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Physician Documentation

  1. #1
    Default Physician Documentation
    Medical Coding Books
    Hello everyone,

    I have a physician who documents "patient seen and examined. Agree with plan." There is a signature. However, this is the extent of his note - nothing more. In most cases, the plan is written by a resident of that specialty. Is that enough documentation to support the teaching physician presence and/or link the residents note?

    I have read CMS guidelines & I am still unsure.

    Any insight would be appreciated.


  2. #2
    It is not enough, that much I can tell you. I am not an expert in Teaching physician guidelines, but I can tell you that the "seen and agreed is nt sufficient for sure, that much I do know. You want to research Teaching Physician Guidelines in CMS to show your doctor that what he/she is doing is not sufficient. I am surprised your compliance department is not picking up on it. I will research some more, or perhaps someone else on the forums will chime in with the exact wording the teaching physician must include. And we will both learn

  3. Smile
    No that is not acceptable documentation. Here are a few examples of acceptable and non acceptable forms of documentation. Hope this helps..

    Acceptable forms:

    “I performed a history and physical examination of the patient and discussed his management with the resident. I reviewed the resident's note and agree with the documented findings and plan of care.”

    “I saw and evaluated the patient. I agree with the findings and the plan of care as documented in the resident's note.”

    : “I was present with resident during the history and exam. I discussed the case with the resident and agree with the findings and plan as documented in the resident's note.”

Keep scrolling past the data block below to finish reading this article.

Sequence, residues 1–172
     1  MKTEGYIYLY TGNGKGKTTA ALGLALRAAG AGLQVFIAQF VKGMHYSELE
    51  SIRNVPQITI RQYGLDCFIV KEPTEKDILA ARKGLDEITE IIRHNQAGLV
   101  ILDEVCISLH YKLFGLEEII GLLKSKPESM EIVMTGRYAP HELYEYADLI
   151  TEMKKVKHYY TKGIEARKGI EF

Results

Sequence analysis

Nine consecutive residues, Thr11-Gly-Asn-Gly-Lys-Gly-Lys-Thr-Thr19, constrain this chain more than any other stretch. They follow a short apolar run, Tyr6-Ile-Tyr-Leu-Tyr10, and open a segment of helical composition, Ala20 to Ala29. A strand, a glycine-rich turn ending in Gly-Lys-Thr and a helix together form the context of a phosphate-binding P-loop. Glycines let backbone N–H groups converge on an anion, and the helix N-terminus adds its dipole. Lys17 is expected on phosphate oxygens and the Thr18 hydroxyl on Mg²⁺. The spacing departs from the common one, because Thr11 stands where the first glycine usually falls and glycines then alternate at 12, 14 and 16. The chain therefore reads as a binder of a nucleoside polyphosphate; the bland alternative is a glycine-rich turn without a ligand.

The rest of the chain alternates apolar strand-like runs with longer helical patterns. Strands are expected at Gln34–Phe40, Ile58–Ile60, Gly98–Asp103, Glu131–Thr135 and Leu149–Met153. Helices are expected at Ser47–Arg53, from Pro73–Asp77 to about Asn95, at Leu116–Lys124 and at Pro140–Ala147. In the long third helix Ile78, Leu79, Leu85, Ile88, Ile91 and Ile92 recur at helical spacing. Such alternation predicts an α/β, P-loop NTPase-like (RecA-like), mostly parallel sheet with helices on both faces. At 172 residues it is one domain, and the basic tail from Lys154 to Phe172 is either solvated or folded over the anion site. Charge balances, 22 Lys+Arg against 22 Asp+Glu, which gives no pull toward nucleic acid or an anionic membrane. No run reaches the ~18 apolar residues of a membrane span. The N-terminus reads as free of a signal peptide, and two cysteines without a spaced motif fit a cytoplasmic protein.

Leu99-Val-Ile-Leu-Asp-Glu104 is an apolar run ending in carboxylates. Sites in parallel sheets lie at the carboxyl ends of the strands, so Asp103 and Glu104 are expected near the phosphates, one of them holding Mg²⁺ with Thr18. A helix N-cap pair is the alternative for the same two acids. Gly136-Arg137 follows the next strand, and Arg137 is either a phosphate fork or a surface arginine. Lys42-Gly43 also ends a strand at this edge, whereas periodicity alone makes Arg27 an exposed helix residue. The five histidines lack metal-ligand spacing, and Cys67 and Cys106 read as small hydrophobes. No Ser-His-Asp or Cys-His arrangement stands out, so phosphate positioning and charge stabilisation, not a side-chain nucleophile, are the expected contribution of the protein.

Unacceptable forms:

    Agree with above.”, followed by legible countersignature or identity;

    “Rounded, Reviewed, Agree.”, followed by legible countersignature or identity;

    “Discussed with resident. Agree.”, followed by legible countersignature or identity;

    “Seen and agree.”, followed by legible countersignature or identity;

    “Patient seen and evaluated.”, followed by legible countersignature or identity; and

    A legible countersignature or identity alone

  4. #4
    Milwaukee WI
    Default Medicare vs T-19 vs commercial
    lrhoward has great examples ... if your payor is Medicare (or Medicaid in some states)

    Please note that while "seen and agree" is totally UNacceptable for Medicare to pay, commercial carriers are less restrictive and only require "supervision."

    And Medicaid varies by state and by whether it is "straight" or an AFDC HMO.

    So whether a service is billable based on the attestation statement depends on who is paying for the service.

    We always educate our physicians to the highest standard (Medicare's rules), but you should know that different carriers have different rules.

    F Tessa Bartels, CPC, CPC-E/M
    Last edited by FTessaBartels; 12-17-2008 at 12:48 PM.

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